Alexis Rosenberg always knew she wanted to go into sales. "It fits with my personality," says Rosenberg, senior manager, premium services, at DISH Media. Her ability to successfully pursue a career in sales is not only a professional accomplishment, but also has led to a personal mission of helping other women succeed and thrive in the media sales world.
Historically, sales has been more male dominated, but DISH is working to encourage diversity, both within the organization and in the greater media ecosystem. Rosenberg is among those working to drive that change. She devotes time and effort to the DISH Women's Network (DWN), a resource group that focuses on gender empowerment, mentoring, and advancement within the company.
DISH Women's Network
For the past four years, Rosenberg has led the DWN efforts in the Chicago, Los Angeles, and New York media offices. "It's a great way to help promote women into higher-level positions, as well as provide some leadership opportunities and resources to women and men in the office," she says. "It's also important for us to see a range of women in leadership roles and learn how they got started and how they're navigating their career journey." The DWN is part of a larger effort from DISH corporate headquarters, based out of Denver, on behalf of female employees.
The DWN hosts events every month within the company — some events feature business-focused speakers or group discussions, while other events include activities to raise money for charitable organizations or organize group initiatives to support causes such as breast cancer awareness and heart health awareness. "I think it's important to enjoy where you work and not just what you do," Rosenberg says. "So, having a supportive environment is vital." The DWN also helps inform DISH Media's industry presence. At the recent RampUp 2020, for example, DISH Media sponsored a luncheon that brought women across the industry together to network and share their personal and professional experiences.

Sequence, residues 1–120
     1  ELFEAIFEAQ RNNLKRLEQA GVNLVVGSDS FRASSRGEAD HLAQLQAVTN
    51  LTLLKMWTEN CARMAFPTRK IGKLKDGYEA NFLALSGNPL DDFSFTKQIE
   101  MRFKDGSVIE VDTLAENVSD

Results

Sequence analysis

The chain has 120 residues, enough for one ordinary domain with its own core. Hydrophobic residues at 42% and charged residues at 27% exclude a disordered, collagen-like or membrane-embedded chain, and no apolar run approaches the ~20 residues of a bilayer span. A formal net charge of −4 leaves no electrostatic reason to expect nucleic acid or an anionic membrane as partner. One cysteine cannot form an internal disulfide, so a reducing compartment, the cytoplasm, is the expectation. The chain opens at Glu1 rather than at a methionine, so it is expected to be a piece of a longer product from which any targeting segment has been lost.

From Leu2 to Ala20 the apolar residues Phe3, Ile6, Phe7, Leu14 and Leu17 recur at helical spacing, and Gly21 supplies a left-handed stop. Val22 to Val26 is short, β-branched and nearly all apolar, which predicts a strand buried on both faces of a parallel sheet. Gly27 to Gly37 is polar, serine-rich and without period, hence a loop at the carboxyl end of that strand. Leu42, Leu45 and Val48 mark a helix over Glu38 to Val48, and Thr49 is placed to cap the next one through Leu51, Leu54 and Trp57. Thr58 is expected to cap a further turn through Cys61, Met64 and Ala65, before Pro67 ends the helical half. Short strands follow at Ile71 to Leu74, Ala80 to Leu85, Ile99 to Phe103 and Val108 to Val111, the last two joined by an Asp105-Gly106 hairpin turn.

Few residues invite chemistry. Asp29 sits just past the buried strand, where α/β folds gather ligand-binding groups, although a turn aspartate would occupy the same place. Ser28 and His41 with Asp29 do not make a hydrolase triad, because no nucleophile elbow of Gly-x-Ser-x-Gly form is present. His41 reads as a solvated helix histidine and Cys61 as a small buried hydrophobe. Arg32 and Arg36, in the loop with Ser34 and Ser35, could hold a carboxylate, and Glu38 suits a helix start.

The proof of the initiative's success is how the women who participate in the DWN feel about the company overall and its commitment to gender equality. "Sixty-one percent of the women in the DISH Women's Network say that it's one of their reasons for staying at DISH," Rosenberg confides. Retention and the feeling of being supported are two notable accomplishments of the initiative.
Direct Response Sales Women Network
Rosenberg is an active and avid promoter of female empowerment, both within and outside DISH. She runs a Direct Response Sales Women group that is dedicated to empowering women across the media industry in the sales space. "I do an annual event that is open to all women at all levels in direct response in the industry, and I've been doing that for the past seven years," she noted.
Direct response (DR) — called Performance within DISH Media — has gone through a great transformation in the digital age. Once restricted to immediate viewer response, this type of marketing now also includes what Rosenberg terms "hybrid DR based on cost per thousand and ratings in verticals such as insurance and telecommunications."
As much as it has evolved, the fundamentals of DR have stayed the same. "DR has always been about attribution," she says, "like cost-per-call monitoring and web visits to see how campaigns are working. Addressable is the next step — knowing that you are targeting the right people and then getting back to that attribution. We can measure it better on the backend." In many respects, addressable advertising has power-charged DR because of its hyper-targeting capabilities, making this facet of marketing more compelling and integrated into the overall marketing funnel.
"I am really proud of the work I've been doing [with Direct Response Sales Women] because it gets people together from all different network groups," Rosenberg says. It also helps women looking for new roles. Rosenberg makes an effort to invite women who have recently been laid off to the annual event so they can network. "The direct response industry is a close-knit industry. We all know each other. These are my friends and I want to help them," she adds.
Rosenberg offers sage advice for women who want to advance in their career, whether within DISH or with the industry at large. "Having a mentor is very important," she says. "I've had a lot of mentors in my career — unofficial mentors both here at DISH and at my previous jobs. Just having someone who you can ask for advice is so important and gets rid of that feeling of being alone in the industry." To me, Rosenberg herself is a mentor and a force for equality in the industry.
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